• Sweden edition
 
Swedes hit streets in fight for right to dance

Swedes hit streets in fight for right to dance

Published: 23 Sep 2012 15:18 GMT+02:00
Updated: 23 Sep 2012 15:18 GMT+02:00

Unperturbed by the rainy weather and waving placards with slogans like "shake that ass", "live, love, dance" and "dance or die", protesters gathered to listen to speeches in the Humlegården park in central Stockholm before dancing through the capital city towards the Tanto park on the southern island of Södermalm.

The protesters want to get rid of a law that requires owners of bars, clubs and restaurants to obtain a special licence in order to allow their patrons to dance. If owners lack this licence and their guests start spontaneously moving to music, they can be slapped with a fine.

Anders Varveus from Dans, Trams & Acceptans (Dance, Nonsense & Acceptance) - the group behind Saturday's demonstration - called the dance licence "absurd, obsolete and deeply offensive."

Varveus, a management consultant, told The Local that the licence law "infringes on our right to move freely."

"The law does not just apply to bars," explained Varveus.

"If you want to organize a party in the woods and you expect people to dance there, you have to have a license, too."

One of the speakers who addressed the crowds in Humlegården was Mattias Svensson, editor at the magazine Neo and author of the book Glädjedödarna (The Killjoys).

He told The Local that he participated in the demonstration to support the "right to dance".

"People's ability to gather and dance is part of the right of assembly. It is those who want to infringe on this right who ought to be required to seek permits and to be tested by a zealous bureaucracy," he said.

Svensson added that the dance license law is a remnant of the 1930s and 1940s, a time he describes as Sweden's era of "paternalism and moral panics".

Anders Varveus believes the dance licence hampers Swedish culture.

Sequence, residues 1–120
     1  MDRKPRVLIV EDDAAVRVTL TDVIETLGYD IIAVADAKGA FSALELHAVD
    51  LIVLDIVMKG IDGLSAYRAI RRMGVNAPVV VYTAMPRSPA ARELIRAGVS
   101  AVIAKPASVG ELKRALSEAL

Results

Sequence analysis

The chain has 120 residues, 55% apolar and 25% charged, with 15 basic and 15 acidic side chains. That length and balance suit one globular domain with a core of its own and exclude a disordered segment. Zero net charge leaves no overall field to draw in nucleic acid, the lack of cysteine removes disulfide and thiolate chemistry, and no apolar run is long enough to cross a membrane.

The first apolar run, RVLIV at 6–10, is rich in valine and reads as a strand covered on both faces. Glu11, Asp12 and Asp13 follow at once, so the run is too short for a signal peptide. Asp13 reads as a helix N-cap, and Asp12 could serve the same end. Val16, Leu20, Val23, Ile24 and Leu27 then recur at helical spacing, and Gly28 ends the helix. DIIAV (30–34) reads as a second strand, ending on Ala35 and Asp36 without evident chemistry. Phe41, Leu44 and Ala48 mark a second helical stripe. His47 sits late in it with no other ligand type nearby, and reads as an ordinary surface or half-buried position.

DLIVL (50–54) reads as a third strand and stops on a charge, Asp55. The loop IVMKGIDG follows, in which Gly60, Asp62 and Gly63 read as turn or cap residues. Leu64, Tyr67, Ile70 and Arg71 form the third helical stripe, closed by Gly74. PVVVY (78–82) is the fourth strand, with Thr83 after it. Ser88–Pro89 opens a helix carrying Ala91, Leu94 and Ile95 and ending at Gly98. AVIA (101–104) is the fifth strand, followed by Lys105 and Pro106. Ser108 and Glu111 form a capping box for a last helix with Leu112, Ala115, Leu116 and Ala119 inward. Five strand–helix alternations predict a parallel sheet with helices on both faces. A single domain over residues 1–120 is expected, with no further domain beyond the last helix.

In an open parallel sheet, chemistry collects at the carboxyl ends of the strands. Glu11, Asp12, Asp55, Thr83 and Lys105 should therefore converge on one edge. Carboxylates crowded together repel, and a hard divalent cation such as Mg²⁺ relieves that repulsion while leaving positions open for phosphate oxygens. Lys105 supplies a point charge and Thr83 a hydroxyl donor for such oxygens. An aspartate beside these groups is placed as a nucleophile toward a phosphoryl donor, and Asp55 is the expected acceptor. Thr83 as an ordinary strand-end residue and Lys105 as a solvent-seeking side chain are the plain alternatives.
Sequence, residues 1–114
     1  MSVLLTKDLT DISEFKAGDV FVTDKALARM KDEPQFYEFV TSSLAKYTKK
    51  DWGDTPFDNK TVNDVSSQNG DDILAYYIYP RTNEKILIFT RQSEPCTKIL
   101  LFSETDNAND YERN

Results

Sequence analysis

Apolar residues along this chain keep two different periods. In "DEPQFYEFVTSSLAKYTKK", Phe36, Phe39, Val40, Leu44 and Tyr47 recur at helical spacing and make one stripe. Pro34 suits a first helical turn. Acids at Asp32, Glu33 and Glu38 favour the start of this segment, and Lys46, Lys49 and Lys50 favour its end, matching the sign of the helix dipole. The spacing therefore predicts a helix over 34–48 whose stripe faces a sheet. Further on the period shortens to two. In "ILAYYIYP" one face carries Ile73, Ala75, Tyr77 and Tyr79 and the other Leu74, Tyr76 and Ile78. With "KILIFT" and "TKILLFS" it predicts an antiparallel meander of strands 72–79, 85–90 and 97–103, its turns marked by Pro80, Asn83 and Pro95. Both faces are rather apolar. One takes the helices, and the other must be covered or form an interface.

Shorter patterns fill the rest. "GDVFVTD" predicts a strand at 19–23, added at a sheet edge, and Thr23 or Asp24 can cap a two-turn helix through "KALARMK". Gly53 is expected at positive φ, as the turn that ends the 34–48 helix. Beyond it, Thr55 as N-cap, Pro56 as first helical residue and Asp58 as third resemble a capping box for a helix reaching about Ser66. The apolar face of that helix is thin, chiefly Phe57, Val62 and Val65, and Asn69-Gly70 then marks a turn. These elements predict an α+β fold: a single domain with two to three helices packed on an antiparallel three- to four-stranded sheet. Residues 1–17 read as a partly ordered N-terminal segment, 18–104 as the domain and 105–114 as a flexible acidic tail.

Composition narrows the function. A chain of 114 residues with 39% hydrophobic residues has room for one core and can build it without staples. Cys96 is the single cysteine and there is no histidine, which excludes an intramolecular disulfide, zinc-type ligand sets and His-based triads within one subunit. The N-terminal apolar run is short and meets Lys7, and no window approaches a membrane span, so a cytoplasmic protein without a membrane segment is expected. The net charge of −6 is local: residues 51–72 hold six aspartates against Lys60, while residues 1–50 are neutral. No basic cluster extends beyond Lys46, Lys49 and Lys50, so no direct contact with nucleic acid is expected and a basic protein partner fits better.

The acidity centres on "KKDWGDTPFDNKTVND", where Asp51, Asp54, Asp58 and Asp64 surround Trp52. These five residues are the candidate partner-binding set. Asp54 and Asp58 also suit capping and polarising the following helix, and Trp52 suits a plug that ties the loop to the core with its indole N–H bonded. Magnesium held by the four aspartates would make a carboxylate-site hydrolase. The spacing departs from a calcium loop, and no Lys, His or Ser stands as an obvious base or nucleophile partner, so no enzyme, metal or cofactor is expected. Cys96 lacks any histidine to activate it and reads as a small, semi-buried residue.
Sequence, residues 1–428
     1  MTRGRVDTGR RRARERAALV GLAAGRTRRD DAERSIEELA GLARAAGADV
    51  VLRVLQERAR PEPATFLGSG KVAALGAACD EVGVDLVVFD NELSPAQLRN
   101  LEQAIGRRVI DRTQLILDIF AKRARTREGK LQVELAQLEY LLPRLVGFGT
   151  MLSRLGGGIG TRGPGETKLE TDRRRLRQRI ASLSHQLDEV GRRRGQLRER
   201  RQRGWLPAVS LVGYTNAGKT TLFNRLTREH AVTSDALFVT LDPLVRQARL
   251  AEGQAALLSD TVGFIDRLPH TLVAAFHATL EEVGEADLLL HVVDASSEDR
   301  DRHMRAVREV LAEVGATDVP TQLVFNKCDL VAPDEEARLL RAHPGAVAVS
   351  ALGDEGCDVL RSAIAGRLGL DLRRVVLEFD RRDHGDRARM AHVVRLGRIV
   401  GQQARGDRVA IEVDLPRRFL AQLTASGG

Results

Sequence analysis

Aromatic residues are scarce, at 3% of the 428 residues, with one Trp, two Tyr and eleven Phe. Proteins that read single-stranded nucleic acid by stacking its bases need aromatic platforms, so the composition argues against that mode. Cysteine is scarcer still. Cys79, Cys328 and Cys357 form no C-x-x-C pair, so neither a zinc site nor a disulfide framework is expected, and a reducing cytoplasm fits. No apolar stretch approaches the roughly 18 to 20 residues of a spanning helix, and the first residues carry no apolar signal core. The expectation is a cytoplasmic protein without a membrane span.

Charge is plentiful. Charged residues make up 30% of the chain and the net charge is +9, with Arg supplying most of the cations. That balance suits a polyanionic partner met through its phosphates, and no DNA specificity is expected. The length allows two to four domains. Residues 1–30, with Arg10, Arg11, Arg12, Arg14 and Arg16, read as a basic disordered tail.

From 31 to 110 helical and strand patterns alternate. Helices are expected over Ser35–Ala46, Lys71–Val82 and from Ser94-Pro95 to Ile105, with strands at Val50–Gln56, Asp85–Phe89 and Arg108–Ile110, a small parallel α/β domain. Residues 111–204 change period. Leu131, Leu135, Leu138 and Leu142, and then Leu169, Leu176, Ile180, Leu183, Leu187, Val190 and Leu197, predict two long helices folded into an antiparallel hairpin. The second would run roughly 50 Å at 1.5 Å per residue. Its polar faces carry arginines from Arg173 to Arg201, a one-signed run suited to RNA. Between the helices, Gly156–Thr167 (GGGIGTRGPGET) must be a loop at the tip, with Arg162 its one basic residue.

"A gigantic party tourism industry has developed with people who want to party going for weekend trips to places like Berlin, Barcelona and Ibiza," Varveus told the Local.

"But from Sweden the party tourism only goes one way. Very few come here."

He puts this down to the "meddlesome and moralistic" Swedish authorities.

Varveus hopes the law will be abolished before the end of the year and he and his fellow dance enthusiasts may get their way: Linda Nordlund, chair of the Liberal Party (Folkpartiet) youth wing, and Liberal MP Mathias Sundin have proposed a parliamentary motion to abolish the permit.

Sundin told the local Norrköping Tidningar (NT) newspaper that the dance licence is part of the "complicated regulations and masses of permits that restaurateurs have to keep track of."

"Many of the rules are good and important as they make us feel safe… But this feels unnecessary," he told the paper.

And what if the dance license does not get abolished, after all?

"Then we will organize another, bigger dance demonstration," promised Varveus.

The Local/nrFollow The Local on Twitter

Your comments about this article

17:38 September 23, 2012 by byke
So what happens if you live above a place that designed as say a restaurant that isn't doing to well, which then decides it wants to become a late night tap dancing school?

At present the license protects those around them to stop business from having a free hand to profit at the cost of locals who may object to such.

Personally I cant see what the issue is.

The same way I would hope that bars with neighbors nearby are required to have a license to operate late at night and need a license to play loud music in the early hours.

Yet again, a bunch of lemmings being sold freedom at the cost of others.
19:00 September 23, 2012 by Emerentia
Well, let's meet up outside Anders Varveus house at 2 pm, put on some loud music and dance for a couple of hours each night... I think he would change his mind about this then...
19:44 September 23, 2012 by jamesdean
The dance permit is, as Mattias Svensson touches on, a remnant of the 30s and 40s. Back then, pre-marital sex was still considered dirty and wrong, and dancing was seen as an activity that encouraged youths to have pre-marital sex. The dance permit was not introduced to protect people against loudly dancing neighbours, it was introduced as a paternalistic nanny-state law to try and stop youths from engaging in an activity that might make them sexually aroused.